Born in Canada in 1929 and having moved to the United States as a teenager, Frank Gehry eventually became a leading force in the deconstructionist and postmodern styles of architecture. As opposed to the rigid, utilitarian tendencies of the International Style, Gehry explores irregular forms and radical, expressive shapes.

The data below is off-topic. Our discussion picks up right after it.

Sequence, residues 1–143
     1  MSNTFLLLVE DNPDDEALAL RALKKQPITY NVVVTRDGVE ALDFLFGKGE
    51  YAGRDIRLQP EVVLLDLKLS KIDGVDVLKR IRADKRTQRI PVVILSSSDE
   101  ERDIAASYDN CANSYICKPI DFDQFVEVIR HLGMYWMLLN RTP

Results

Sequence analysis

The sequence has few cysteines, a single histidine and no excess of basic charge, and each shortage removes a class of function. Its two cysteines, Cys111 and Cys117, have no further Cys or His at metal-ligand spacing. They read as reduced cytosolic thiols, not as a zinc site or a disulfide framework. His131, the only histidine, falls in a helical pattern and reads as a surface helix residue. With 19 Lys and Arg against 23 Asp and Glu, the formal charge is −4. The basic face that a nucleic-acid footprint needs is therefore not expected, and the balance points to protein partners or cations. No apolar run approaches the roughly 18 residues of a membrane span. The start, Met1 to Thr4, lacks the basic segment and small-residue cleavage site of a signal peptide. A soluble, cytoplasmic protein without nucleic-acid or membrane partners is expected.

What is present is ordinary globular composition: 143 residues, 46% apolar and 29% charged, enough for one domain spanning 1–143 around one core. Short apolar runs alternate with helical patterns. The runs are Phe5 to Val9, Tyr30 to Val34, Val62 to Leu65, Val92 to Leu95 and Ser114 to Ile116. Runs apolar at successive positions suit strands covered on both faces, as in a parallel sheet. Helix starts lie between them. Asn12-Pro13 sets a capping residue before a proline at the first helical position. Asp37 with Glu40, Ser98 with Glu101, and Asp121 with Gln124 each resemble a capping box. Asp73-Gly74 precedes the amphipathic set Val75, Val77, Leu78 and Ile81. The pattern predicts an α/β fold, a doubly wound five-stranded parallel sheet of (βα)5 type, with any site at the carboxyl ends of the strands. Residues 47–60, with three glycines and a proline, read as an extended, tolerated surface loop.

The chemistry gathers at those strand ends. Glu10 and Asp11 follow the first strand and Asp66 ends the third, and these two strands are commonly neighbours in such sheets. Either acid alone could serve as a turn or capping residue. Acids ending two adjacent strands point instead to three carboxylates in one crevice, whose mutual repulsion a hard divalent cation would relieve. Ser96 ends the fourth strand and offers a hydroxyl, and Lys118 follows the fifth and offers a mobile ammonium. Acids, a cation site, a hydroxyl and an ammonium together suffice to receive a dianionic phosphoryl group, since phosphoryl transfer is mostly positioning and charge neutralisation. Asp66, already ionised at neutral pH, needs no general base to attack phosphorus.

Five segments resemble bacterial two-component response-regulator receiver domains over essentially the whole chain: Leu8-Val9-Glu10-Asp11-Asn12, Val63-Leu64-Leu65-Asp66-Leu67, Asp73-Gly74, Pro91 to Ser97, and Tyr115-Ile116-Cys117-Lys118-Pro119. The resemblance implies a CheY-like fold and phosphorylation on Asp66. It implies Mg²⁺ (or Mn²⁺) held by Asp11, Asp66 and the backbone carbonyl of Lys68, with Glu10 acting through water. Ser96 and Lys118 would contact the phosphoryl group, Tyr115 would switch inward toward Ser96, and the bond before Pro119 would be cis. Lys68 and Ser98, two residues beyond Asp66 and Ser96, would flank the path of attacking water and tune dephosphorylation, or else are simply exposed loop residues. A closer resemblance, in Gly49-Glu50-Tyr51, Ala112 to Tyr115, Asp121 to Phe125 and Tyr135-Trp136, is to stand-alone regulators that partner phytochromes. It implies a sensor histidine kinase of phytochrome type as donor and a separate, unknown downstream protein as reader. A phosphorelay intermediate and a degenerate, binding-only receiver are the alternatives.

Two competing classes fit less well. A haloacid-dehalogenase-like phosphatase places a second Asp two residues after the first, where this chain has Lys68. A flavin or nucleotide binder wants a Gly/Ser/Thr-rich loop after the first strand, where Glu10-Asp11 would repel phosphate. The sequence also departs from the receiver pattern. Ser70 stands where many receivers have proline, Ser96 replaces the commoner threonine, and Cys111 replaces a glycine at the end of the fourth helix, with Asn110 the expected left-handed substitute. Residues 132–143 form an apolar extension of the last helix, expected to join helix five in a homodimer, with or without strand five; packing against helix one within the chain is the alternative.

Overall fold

He started gaining attention in the 1960s and 1970s, when his line of furniture made of corrugated cardboard became suddenly popular. By the 1990s, he honed his style and gained a reputation for designing seemingly organic, undulating, free-flowing structures. He designed the Guggenheim Museum in Bilbao, Spain, which opened in 1997 and was meant to resemble both a ship and a living creature. He also designed the Walt Disney Concert Hall in Los Angeles, Calif., which opened in 2003 and is known for not only its unique structure but also superior acoustics.